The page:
• An investigation into what is really happening in loads, starting with hot water heaters. The presenter argued that there has been a lot of research into the dynamics of generation, but very little in the dynamics of loads, which will be critical for any type of demand response program. In the ensuing discussion, I learned a new term: demand subscription. This is the idea that rather than being metered for use, customers subscribe to a certain amount of electricity (not sure if it is measured as power, energy, or both) and then it is up to the customer to figure out how to live within that subscription. So the utility would only communicate with a smart meter, not reaching beyond the meter to smart appliances.

I also had time to attend some talks in the social networking track by members of LILT (my former research group): Dan Suthers, Kar-Hai Chu, and Devan Rosen. I was familiar with some of the outlines of the Traces work, but it was good to see it discussed in a public forum.

The minitrack I presented in was called Information Systems for Sustainable Development. I presented our paper describing the design of the Kukui Cup. It seemed well received, with most of the questions revolving around how to get students involved and how to keep them aware after the competition in order to sustain behavior changes. Eric Paulos suggested we should provide Kill-A-Watt meters to some residents in May 2012 before they move out of the first-year dorms, and then follow up with them on whether and how they used them in their next living situation.

Two other presentations in our track that I found interesting:

  • Hendrik Hilpert, a PhD student from Göttingen University presented work on computing products’ carbon footprints automatically using vehicle mass airflow data (obtained via OBD2) fused with GPS data. This combination allows one to compute how much carbon is being emitted, while the GPS data allows the carbon to be allocated to different products that might be on the same delivery vehicle as it makes a series of stops. They even cited my older literature review in their paper, würd! (Real-Time Data Collection for Product Carbon Footprints in Transportation Processes Based on OBD2 and Smartphones, by Hendrik Hilpert, Lars Thoroe and Matthias Schumann).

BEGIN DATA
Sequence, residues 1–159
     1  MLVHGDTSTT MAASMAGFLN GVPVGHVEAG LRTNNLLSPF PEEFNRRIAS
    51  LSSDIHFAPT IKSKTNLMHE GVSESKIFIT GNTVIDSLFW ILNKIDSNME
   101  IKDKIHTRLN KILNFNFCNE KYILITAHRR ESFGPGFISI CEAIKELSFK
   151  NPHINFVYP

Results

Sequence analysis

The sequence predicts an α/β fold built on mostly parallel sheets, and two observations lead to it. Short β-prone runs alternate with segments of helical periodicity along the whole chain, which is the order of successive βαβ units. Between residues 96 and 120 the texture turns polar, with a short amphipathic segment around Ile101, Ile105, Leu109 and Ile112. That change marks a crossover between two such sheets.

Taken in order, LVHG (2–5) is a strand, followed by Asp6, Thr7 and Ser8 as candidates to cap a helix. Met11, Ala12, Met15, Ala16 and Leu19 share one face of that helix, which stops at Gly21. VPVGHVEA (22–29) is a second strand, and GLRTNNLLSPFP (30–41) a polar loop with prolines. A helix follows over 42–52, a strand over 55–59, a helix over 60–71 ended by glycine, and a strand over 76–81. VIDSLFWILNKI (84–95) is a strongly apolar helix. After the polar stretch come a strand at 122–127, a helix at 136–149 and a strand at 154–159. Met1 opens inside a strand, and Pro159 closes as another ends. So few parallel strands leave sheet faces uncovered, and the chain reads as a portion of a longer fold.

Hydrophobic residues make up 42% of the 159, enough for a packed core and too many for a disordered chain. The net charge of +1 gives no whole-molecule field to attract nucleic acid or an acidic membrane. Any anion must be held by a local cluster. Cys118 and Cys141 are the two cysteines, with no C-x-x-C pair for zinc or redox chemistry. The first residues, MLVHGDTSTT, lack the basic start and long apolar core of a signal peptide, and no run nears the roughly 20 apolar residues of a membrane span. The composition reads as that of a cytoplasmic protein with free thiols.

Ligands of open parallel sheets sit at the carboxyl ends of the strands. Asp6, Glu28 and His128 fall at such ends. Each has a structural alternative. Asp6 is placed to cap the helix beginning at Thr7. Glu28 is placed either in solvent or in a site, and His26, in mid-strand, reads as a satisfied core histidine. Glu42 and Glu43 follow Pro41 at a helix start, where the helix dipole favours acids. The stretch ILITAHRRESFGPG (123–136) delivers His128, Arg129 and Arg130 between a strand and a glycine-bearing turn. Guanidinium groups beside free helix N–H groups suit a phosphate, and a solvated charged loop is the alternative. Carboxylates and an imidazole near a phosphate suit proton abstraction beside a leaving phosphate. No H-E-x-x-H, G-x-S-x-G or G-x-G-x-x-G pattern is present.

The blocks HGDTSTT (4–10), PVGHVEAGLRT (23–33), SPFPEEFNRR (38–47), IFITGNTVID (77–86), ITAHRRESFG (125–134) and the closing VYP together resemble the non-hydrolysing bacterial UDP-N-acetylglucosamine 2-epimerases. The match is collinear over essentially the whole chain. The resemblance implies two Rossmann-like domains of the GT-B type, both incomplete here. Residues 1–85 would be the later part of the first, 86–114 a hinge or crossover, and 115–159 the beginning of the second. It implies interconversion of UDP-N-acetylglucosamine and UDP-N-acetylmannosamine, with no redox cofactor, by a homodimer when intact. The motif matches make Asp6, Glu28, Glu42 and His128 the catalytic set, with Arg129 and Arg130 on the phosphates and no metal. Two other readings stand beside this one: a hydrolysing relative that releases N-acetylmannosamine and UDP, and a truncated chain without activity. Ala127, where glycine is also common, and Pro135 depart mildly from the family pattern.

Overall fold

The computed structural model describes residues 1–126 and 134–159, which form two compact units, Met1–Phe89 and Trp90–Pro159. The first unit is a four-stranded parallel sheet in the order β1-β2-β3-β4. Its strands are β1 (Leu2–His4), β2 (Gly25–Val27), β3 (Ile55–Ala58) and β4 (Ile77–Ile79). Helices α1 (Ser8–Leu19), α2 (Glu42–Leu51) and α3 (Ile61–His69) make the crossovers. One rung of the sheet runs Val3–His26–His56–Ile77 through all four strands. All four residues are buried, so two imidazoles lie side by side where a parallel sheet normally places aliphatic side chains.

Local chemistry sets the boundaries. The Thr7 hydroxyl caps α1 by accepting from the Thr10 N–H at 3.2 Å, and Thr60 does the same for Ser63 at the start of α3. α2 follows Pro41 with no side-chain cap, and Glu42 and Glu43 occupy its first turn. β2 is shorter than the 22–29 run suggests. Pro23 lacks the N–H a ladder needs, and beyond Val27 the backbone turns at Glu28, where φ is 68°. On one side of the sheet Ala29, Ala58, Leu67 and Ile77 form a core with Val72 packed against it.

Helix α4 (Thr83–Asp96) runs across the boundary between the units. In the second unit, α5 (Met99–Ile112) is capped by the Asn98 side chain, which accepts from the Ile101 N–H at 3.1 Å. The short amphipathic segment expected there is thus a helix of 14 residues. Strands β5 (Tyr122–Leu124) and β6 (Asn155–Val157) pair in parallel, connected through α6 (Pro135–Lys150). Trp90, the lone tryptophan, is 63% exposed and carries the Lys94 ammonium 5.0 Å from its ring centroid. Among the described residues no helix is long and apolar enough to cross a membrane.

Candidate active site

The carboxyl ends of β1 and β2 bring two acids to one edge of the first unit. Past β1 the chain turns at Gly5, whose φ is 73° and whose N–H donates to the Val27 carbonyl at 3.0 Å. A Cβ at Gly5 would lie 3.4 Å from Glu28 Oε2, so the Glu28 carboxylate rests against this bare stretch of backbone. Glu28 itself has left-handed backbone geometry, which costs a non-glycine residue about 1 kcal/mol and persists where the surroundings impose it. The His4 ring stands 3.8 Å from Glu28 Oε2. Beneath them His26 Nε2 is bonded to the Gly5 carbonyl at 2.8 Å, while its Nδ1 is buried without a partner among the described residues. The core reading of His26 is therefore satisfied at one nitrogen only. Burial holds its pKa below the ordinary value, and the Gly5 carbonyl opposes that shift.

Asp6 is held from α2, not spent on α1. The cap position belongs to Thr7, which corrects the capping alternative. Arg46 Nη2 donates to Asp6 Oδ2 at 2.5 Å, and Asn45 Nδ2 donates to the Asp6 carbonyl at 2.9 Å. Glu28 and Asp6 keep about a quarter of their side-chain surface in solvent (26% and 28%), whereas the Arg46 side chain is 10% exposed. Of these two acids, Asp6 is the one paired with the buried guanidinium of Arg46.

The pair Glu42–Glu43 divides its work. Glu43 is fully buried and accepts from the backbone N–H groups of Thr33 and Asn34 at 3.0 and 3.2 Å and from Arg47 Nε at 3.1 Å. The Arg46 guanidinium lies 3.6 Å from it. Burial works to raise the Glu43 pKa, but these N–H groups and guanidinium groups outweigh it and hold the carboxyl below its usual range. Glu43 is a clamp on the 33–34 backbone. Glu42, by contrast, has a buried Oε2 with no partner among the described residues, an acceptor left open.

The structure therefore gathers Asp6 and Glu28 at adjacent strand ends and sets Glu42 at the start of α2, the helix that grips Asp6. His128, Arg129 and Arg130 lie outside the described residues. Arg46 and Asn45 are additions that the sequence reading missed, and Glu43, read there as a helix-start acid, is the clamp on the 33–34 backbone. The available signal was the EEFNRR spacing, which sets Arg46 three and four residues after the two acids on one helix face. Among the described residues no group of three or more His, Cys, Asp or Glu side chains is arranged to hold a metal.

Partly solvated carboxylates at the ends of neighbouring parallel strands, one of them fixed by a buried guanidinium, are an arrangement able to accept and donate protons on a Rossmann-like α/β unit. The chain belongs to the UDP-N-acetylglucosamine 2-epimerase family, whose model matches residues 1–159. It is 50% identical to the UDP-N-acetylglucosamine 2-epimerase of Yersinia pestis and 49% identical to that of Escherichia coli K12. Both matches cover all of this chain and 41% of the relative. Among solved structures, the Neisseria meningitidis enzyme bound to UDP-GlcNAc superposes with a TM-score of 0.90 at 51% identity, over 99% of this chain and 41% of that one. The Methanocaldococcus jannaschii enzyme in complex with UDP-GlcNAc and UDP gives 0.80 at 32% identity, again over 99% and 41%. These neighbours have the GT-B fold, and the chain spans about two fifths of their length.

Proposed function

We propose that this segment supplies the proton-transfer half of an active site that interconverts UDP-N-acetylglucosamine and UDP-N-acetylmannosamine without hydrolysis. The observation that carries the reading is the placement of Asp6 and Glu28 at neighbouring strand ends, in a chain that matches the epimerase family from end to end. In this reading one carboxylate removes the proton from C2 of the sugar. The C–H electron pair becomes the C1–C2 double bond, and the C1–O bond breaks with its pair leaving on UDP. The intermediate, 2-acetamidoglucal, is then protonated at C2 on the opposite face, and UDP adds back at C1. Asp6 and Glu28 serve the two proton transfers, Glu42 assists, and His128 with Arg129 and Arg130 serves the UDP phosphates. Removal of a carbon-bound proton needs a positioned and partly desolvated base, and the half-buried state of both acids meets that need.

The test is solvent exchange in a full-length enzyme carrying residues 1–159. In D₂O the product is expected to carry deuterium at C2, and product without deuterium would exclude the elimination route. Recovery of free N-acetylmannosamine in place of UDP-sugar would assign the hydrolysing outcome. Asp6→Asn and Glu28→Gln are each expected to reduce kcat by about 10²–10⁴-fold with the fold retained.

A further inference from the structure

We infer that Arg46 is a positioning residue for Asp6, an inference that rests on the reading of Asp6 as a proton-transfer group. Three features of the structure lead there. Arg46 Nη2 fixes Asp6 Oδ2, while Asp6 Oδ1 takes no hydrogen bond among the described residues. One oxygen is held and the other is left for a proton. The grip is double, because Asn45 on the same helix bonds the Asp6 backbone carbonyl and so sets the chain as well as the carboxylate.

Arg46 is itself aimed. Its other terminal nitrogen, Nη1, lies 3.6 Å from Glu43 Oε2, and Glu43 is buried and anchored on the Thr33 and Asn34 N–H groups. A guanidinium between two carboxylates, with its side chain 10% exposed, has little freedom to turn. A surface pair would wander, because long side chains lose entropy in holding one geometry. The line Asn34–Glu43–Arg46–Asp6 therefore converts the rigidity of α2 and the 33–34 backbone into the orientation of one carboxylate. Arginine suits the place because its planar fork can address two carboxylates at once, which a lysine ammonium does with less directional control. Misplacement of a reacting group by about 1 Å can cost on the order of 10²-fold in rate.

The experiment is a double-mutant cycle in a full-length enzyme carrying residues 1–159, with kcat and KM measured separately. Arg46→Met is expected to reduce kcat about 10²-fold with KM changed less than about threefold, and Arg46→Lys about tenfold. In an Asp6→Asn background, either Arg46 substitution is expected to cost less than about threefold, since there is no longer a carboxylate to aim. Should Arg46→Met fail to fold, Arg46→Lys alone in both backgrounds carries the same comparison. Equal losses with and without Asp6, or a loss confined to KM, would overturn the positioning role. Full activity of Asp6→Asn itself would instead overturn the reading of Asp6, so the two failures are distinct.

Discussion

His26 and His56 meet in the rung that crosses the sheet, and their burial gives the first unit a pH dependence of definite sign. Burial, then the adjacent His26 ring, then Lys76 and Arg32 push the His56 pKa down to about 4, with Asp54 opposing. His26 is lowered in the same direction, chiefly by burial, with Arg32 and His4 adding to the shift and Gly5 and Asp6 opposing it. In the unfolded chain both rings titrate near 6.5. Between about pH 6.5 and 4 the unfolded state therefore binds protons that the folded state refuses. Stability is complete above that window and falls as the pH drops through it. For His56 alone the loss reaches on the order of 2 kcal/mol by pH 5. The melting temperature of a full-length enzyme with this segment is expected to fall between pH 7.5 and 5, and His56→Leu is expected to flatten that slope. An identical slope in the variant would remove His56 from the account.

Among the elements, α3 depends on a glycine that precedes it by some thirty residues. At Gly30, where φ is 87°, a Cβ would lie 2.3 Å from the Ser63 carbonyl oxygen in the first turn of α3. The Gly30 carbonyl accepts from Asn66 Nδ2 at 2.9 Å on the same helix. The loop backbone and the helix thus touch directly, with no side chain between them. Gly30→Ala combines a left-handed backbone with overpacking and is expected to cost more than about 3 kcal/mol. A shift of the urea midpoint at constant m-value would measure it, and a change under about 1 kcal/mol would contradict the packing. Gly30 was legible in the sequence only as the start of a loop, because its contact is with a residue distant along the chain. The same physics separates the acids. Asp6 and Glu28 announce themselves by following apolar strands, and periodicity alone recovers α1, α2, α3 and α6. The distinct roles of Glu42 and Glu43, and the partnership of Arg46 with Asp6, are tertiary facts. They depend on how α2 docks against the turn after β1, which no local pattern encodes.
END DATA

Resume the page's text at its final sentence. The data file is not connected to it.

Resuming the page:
• Eric Paulos, assistant professor at CMU presented work on Citizen Energy. Citizen Energy is the idea of changing people from just being energy consumers into more active participants in the generation and use of energy. They have made a bunch of cool devices, like a Seasonal Energy Lamp. The lamp is connected both to grid power and to solar and wind turbines, and it changes the color of the emitted light depending on the source (orange for solar, blue for wind, etc), making people more aware of where their energy is coming from. These design experiments seem really complementary to the Kukui Cup, possibly providing additional ways for participants to become more energy literate. (Citizen Energy: Towards Populist Interactive Micro-Energy Production by Eric Paulos and James Pierce).

Unfortunately, our minitrack had fairly low attendance (perhaps 8 attendees at peak, of whom half were presenting in the minitrack), so I don’t know how it will fare next year. All in all, it was a worthwhile experience, but was a bit of a comedown after BECC 2010.

Rebuild Hawaii Consortium March 2010 meeting

I attended the Rebuild Hawaii Consortium quarterly meeting last week. I had never attended any of their meetings before, and I was somewhat surprised at the sizable number of people in attendance (40? 50?). It was held in a large stadium-style conference room at the Hawaii Convention Center. I had checked the agenda in advance, and thought I could arrive at 10 AM and still see everything I wanted to, but apparently the agenda changed since it was posted on the website.

The talk I missed that I wish I had seen was by Luis Vega on the Hawaii National Marine Renewable Energy Center. His slides look very interesting, lots of hard-nosed cost comparisons of wave and OTEC electricity generation.

Paul Norton have a talk on Zero Energy Buildings, which was interesting. I attended his REIS seminar where he covered some of the same things, but this was focused on ZEB. Some points I found particularly interesting: